29. The method of claim 28, wherein observing pathogen virulence gene regulatory processes of the GFP-expressing human pathogens comprises observing one or more of the regulatory proteins necessary for colonization of the infected C. elegans.

Description:

FIELD OF THE INVENTION

The present invention relates to an in-vivo animal model useful in identifying novel therapies for treating infectious diseases. In particular, the invention relates to a C. elegans infection model for evaluating the ability of a chemical to disrupt colonization and disease caused by E. coli pathogens.

BACKGROUND

Resistance to chemotherapeutic agents is rendering previously life-saving drugs useless. Perhaps most alarming, multi-drug resistant bacteria are commonplace in hospital settings and lead to untreatable infections. There is a clear need to develop novel, effective therapies against infectious disease. In addition to compounds that kill pathogenic organisms, anti-infectives, or agents that block or disrupt infection, show promise for eliminating disease without killing the organisms.

Anti-infectives are drugs that target the host-microbe interaction, instead of simply targeting the microbe. Anti-infective drugs may enhance and extend the usefulness of the antibiotics currently available by minimizing selective pressure, which leads to resistance. Using small molecules to block bacterial attachment, or to mask host cell receptors specifically utilized by bacterial pathogens without detriment to the host are novel concepts with great promise, potentially revolutionizing how infectious diseases may be treated in the coming century. Exposure to infectious microbes cannot be eliminated, particularly in developing countries and microbes cannot be stopped from evolving resistances to chemical agents. Thus, there is a need to continually evaluate and update the therapeutic arsenal to fight infectious disease and to improve methods for developing combinatorial chemical therapies that target multiple vulnerabilities of the bacterium and minimize microbial resistances.

Therapeutic drug development would benefit from animal infection models that are more flexible than those currently available. Chemical agents that either kill pathogens or halt their growth, traditionally have been identified using in vitro screens. After identification of a candidate compound, animal model systems may then be used to study their effect on the pathogen. There is a continuing need to conduct chemical screens in a convenient, inexpensive in vivo system that will better facilitate testing of novel anti-infective agents and formulating combinatorial therapies.

SUMMARY OF THE INVENTION

In vivo systems for screening and developing chemotherapeutics that disrupt microbial colonization of a host are described herein. The in vivo systems described herein can aid government, academic and biotech researchers in the development of both anti-infectives and drugs that directly target the microbe-host interaction, thereby minimizing the selective pressure that may lead to resistance to traditional chemotherapeutics, such as anti-infectives, antibiotics and antiviral drugs.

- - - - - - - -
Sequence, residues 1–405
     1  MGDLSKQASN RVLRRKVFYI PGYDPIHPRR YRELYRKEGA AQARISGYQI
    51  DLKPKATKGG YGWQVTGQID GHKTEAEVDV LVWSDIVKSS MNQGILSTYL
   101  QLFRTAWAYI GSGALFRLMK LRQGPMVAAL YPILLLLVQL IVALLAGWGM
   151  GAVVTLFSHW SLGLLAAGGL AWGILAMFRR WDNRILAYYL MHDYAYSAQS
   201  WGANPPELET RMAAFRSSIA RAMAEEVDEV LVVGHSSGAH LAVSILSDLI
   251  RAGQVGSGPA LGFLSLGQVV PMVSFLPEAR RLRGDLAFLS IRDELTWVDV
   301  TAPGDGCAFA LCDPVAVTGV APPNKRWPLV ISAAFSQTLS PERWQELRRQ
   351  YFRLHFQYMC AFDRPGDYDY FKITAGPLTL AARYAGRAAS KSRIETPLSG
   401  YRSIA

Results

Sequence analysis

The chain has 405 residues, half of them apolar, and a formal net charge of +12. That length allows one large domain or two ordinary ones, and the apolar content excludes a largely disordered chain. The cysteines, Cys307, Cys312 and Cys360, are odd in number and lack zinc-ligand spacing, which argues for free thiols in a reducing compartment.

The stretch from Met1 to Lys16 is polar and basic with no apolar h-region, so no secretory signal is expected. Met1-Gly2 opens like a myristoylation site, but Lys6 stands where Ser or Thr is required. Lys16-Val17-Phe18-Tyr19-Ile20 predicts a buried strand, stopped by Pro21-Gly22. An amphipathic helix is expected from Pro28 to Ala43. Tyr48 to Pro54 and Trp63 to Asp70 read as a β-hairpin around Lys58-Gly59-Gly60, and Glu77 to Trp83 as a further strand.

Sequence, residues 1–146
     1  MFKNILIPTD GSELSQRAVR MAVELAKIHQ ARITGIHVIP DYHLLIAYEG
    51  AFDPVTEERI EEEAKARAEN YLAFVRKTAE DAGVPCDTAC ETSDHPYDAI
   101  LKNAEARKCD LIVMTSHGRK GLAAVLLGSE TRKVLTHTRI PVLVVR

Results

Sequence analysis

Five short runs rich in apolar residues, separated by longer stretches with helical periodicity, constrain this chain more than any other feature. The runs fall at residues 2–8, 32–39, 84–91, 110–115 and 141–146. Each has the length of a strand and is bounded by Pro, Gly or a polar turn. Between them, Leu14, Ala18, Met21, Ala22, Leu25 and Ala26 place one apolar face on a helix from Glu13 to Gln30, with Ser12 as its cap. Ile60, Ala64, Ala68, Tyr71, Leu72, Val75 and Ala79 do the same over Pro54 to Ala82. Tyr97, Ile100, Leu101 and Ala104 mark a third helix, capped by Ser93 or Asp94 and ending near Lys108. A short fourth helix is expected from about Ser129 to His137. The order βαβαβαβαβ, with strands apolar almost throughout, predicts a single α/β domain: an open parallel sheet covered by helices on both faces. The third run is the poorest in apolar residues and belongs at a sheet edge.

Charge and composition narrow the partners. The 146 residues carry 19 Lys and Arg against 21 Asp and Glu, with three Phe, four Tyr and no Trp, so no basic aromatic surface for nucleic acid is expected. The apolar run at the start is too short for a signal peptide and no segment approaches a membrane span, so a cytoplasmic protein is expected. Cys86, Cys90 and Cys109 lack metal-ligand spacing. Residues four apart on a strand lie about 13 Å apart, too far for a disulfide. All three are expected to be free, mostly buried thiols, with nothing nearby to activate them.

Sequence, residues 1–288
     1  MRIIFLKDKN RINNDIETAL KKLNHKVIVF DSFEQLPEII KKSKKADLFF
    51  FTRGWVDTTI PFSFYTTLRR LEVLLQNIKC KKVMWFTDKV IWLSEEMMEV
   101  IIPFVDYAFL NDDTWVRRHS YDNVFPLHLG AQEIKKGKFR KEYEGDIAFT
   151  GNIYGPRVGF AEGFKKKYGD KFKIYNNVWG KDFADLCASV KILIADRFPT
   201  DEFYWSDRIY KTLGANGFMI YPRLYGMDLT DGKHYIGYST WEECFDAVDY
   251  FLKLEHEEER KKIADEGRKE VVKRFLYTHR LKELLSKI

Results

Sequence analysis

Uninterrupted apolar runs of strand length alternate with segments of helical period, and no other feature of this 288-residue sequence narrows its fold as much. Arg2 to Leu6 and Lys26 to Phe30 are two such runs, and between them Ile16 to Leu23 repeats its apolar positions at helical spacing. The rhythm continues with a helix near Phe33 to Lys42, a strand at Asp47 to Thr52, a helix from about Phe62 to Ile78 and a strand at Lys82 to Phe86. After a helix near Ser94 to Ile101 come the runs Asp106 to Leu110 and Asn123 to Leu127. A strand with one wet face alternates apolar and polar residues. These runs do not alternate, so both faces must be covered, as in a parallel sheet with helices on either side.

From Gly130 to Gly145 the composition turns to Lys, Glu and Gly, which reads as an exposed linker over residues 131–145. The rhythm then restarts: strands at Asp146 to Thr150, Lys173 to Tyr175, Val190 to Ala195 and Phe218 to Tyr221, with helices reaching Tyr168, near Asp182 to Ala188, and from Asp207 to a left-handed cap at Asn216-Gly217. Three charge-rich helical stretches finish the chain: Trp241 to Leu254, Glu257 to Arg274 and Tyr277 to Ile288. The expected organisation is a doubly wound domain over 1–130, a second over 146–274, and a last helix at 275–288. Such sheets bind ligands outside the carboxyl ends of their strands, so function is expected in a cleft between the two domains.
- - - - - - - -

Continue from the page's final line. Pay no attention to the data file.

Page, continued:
BRIEF DESCRIPTION OF THE DRAWINGS

The embodiments disclosed herein will become more fully apparent from the following description and appended claims, taken in conjunction with the accompanying drawings. These drawings depict only typical embodiments, which will be described with additional specificity and detail through use of the accompanying drawings in which:

FIG. 1 is a graph demonstrating colonization by ETEC, showing the average colony forming units (CFU) per nematode exposed to the indicated rifampin-resistant bacterial strains on nematode growth medium (NGM) and colonization factor agar (CFA) for 24 hours. Values represent the means of three replicate assays, and error bars indicate 1 standard deviation (SD).

FIGS. 2A-2L comprise fluorescence microscopy images of ETEC bacteria within a nematode gut. After synchronization, LA nematodes were subjected to infection by ETEC and control strain MG1655 containing the GFP-producing plasmid pKH91 on NGM agar or CFA supplemented with appropriate antibiotics. After 24 hours, bacterial strains MG1655 (NGM: A, B; CFA: G, H), H10407 (NGM: C, D; CFA: I, J), and H10407P (NGM: E, F; CFA: K, L) were viewed by fluorescence and light microscopy. Light microscopy images (A, C, E, G, I, K) appear adjacent to fluorescent microscopy images (B, D, F, H, J, L). Arrows point to fluorescent bacteria. Representative images are presented. Magnification, ×200. Bars, 100 μm.

FIG. 3 is a graph demonstrating persistence of ETEC, showing the average CFU per nematode infected with the indicated bacterial strains on NGM agar. Twenty-four hours post-infection nematodes were transferred to rifampin sensitive MG1655 and harvested after 24 hrs (black bars) and 48 hrs (gray bars) of feeding. Values represent the means of three replicate assays, and error bars indicate 1 SD.

FIG. 4 is a graph demonstrating the effect of various compounds on bacterial colonization of the nematode gut. The graph shows the average CFU per nematode after they were exposed to the indicated rifampin-resistant bacteria strains. Nematodes were infected with prototypical ETEC H10407 or control MG1655 strains on NGM agar. After 24 hours of infection, 30 nematodes were harvested and placed in 1 mL M9 buffer (black bars), or M9 buffer supplemented with 100 μg/mL gentamicin (white bars), 50 μg/mL kanamycin (cross-hatched bars), 7 μg/mL heparin (checkered bars), or 0.01% mannose (speckled bars), and incubated at 26° C. for 24 hours. Values represent the means of three replicate assays, and error bars indicate 1 SD.